Saturday, April 20, 2024

Cotton Farmers Spring Into Action

No, it’s not quite time to drag out the cotton picker but give it a few days and growers will be waking up in the fall to implications of decisions they’re making right now.

Ryan Jenkins

One thing about cotton – it’s always right around the corner, and you’re about to get it right between the eyes. Planting. Thrips. Weeds. Plant bugs. Drought. A hurricane. Something you’ve never seen before. Something China did. Something our own people did.

Just ask anybody. They’ll tell you.

“I love to grow cotton,” says Ryan Jenkins, Jay, Florida. “But just because I love it doesn’t make it easy. Every year I keep trying to make it easier, or at least more dependable. I can’t control the weather or the global economy, so that leaves what I can control or at least influence.

Early season strategy is key to setting the stage to influence those variables. Jenkins focuses on those inputs because he knows he has choice and a certain measure of control. “We have a lot of alternatives in terms of varieties, seed treatments, at-planting treatments and post-plant treatments,” Jenkins says. “That gives us a quite a few options when we’re planning how we’re going to approach the upcoming year.”

A 188 Pounds-Per-Acre Bonus

“I like to be proactive as much as I can and where it makes sense,” Jenkins says. I’ve gone back to AgLogic aldicarb at planting because it’s hard to argue with the results. If a product increases your yield 188 pounds of lint per acre, you’d be kinda crazy not to use it.”

That figure – 188 lbs. of lint per acre – is how much aldicarb improved his cotton yield in 2023 on a comparison basis.

“I had two acres where I did not apply aldicarb,” he says. “So that yield and lint figure is compared to cotton where I did apply aldicarb at planting at a rate of 5 pounds per acre.”

On-Farm Research

That was last year’s results, but it wasn’t much of a surprise, according to Jenkins. “We turn this entire farm into a research plot of sorts,” he says. “We’re constantly looking at everything from varieties to seed treatments to pesticides to weed management options to just about anything you can test that applies to a cotton plant.”

He does the same thing with other crops such as peanuts as well. He believes the additional effort spent evaluating competing inputs helps him identify the inputs that will give him that crucial edge in subsequent years.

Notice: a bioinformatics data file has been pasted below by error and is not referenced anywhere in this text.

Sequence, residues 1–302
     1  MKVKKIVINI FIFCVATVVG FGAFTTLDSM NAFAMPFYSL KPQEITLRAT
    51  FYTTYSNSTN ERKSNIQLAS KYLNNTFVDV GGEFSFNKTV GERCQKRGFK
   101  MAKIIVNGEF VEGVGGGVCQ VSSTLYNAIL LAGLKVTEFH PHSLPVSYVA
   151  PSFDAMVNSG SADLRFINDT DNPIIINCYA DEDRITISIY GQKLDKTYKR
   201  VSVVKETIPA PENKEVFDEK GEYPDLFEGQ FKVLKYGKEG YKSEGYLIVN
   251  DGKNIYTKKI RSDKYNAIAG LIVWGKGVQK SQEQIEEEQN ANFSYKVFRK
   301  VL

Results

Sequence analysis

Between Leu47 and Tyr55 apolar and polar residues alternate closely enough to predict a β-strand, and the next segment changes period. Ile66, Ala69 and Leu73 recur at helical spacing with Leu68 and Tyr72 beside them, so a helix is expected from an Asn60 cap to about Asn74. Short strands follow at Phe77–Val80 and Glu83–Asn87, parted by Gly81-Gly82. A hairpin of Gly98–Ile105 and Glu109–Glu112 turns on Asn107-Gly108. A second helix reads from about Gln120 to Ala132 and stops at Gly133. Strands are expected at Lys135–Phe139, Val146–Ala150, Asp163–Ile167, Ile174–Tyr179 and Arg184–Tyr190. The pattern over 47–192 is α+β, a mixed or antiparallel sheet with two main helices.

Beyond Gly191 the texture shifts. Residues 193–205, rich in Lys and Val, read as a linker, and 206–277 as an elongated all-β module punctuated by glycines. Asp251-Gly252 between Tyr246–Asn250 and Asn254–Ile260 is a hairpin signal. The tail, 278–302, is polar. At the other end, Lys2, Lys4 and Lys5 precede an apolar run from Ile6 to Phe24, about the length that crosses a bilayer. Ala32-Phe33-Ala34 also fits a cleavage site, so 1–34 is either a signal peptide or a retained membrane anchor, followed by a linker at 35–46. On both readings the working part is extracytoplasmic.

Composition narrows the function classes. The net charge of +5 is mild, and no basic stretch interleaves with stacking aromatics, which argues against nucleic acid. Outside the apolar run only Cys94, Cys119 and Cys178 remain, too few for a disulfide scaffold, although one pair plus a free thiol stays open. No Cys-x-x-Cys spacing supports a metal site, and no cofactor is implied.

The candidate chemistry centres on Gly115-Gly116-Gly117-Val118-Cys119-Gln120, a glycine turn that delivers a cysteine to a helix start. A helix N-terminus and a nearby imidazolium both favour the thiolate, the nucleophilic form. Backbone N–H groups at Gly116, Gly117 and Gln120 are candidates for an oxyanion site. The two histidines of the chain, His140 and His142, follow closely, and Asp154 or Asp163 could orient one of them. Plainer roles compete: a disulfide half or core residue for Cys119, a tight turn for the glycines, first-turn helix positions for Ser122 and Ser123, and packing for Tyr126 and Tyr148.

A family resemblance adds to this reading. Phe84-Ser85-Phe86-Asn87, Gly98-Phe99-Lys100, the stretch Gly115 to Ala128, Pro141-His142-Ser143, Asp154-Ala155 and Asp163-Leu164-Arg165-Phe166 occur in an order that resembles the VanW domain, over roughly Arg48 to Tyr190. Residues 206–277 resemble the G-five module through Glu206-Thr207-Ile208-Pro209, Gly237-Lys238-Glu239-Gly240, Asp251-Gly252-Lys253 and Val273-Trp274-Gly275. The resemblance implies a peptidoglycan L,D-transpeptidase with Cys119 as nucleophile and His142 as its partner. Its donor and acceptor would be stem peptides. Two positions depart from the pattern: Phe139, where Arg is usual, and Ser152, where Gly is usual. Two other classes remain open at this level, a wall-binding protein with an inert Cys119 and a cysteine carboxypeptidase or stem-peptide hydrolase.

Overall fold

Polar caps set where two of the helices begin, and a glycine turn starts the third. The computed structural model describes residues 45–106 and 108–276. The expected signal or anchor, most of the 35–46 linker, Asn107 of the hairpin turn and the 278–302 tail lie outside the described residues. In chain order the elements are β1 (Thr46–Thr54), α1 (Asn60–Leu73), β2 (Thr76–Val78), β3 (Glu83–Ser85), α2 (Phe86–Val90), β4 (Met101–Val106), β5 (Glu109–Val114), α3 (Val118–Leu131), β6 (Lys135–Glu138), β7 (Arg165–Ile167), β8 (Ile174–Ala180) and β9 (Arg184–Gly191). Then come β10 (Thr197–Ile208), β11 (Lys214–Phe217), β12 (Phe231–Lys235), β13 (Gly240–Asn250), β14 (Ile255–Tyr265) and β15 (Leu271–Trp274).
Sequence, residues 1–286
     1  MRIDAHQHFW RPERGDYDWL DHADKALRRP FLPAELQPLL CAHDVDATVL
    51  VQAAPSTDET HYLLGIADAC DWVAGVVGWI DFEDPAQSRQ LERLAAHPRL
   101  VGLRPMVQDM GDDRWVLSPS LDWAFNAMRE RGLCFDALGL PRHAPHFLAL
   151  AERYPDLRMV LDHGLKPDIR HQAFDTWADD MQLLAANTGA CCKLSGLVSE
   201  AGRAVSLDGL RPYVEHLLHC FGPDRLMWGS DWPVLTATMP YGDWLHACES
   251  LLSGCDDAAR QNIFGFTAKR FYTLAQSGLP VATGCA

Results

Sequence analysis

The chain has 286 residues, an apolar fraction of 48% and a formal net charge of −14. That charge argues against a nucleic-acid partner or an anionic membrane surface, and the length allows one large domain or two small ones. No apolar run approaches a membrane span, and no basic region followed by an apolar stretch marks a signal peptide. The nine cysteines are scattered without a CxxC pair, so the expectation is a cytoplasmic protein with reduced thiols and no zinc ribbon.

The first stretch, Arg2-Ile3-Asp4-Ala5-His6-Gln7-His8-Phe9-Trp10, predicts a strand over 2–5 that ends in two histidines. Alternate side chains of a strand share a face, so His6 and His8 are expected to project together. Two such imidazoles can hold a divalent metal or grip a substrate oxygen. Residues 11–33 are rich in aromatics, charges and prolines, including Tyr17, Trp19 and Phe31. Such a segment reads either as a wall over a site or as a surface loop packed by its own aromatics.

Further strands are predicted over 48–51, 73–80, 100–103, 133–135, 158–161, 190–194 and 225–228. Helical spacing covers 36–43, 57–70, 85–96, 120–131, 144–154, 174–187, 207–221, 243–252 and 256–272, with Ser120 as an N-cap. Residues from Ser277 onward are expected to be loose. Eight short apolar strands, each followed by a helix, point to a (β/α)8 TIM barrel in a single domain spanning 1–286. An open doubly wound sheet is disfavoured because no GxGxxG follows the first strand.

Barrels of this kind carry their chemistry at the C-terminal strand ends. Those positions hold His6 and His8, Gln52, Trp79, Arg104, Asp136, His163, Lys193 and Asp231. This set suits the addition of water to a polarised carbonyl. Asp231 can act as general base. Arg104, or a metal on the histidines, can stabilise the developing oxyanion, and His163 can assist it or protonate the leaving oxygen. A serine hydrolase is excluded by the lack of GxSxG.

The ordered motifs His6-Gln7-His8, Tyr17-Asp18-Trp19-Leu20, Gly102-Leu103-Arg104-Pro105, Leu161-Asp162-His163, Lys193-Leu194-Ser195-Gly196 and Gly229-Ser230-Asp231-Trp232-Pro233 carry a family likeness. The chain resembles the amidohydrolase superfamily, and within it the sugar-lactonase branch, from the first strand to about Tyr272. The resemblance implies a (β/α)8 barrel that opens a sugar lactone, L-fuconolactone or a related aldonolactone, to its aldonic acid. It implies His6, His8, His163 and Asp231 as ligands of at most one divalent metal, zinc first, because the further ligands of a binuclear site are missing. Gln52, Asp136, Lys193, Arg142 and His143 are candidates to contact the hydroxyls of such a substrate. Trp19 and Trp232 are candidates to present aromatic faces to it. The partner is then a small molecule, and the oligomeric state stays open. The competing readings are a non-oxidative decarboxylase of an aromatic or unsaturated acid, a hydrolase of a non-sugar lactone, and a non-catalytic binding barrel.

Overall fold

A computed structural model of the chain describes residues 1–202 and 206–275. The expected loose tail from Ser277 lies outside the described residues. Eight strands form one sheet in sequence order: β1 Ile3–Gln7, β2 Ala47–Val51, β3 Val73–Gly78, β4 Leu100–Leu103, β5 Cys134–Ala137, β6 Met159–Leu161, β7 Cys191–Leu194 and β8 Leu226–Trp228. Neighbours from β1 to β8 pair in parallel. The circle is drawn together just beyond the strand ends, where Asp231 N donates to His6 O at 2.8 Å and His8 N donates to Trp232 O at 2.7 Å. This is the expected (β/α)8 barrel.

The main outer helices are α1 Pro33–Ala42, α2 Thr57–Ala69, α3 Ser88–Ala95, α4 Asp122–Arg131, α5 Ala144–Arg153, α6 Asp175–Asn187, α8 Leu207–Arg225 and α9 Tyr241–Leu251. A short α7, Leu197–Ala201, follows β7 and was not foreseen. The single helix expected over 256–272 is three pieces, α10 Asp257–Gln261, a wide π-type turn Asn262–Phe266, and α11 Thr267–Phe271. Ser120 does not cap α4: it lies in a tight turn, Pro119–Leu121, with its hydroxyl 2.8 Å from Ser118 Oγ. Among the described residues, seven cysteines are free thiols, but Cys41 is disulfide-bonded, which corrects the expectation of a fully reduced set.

“We’re farming for much more than this year,” he says. “We take a long-term approach to the challenge. “It’s not something you can just wake up one day and say, ‘hey, I think I’ll throw that seed in the ground this year and splash a little of that on it for good measure.’ We really look at the differences in a side-by-side comparison. Then, if we put it in the ground on a broad-scale basis in following years, we have a pretty good idea what it’s going to do on this farm. Or, at least we have a pretty good idea what it can do if all the unknowns at least give us a chance.”

Jenkins is no stranger to his share of “factors beyond control”. The Florida Panhandle is particularly susceptible to drought. If that doesn’t quite fit the hardship bill one season, there’s usually a hurricane lurking around for good measure.

Luck Of The Cosmos

Jenkins tries not to dwell on the luck too much. As far as he’s concerned, luck is at least a little bit of what you make it.

“Obviously, you can’t guarantee the weather and significant meteorological events in any year,” Jenkins says. “But you can set yourself up to achieve a certain level of success depending on the inputs you choose and how you manage the crop. As long as the unknowns don’t sabotage what you’re putting in place, you have a reasonable chance.

Early season pest control is always a key concern heading into a new season. Basically, there are two strategies – act or react.

“Early season I’m very focused on pest control,” he says. “We have nematodes, and thrips are always an issue. Aldicarb takes care of that very efficiently. It saves us running a sprayer across the field every time a problem pops up. When you factor the price of aldicarb into your budget, keep that in mind. Not just that, but also the inconvenience of having to stop everything you’re doing to put a spray rig in the field.”

Out Of The Ground Vigor

Even that advantage is not the complete picture of what sold Jenkins on the product several years ago. “It takes a little effort to use it,” he says. “But it’s worth it. When we were experimenting with it, you couldn’t help but notice the cotton with aldicarb under it jumped out of the ground like it wanted to grow. I’ve been a cotton grower for a long time. It still makes me feel good when I see that.”

As planting approaches, Jenkins sums it up succinctly. Thinking about what’s ahead over the next few weeks with a characteristic optimism about what lies at the finish line, he projects his plan forward: “As challenging as it is to grow cotton these days,” he says with quiet determination, “it’s a very good feeling to know I have the best, most dependable chance of making money if I put aldicarb in my planter.”


Related Articles

Connect With Cotton Farming

Quick Links

E-News Sign-up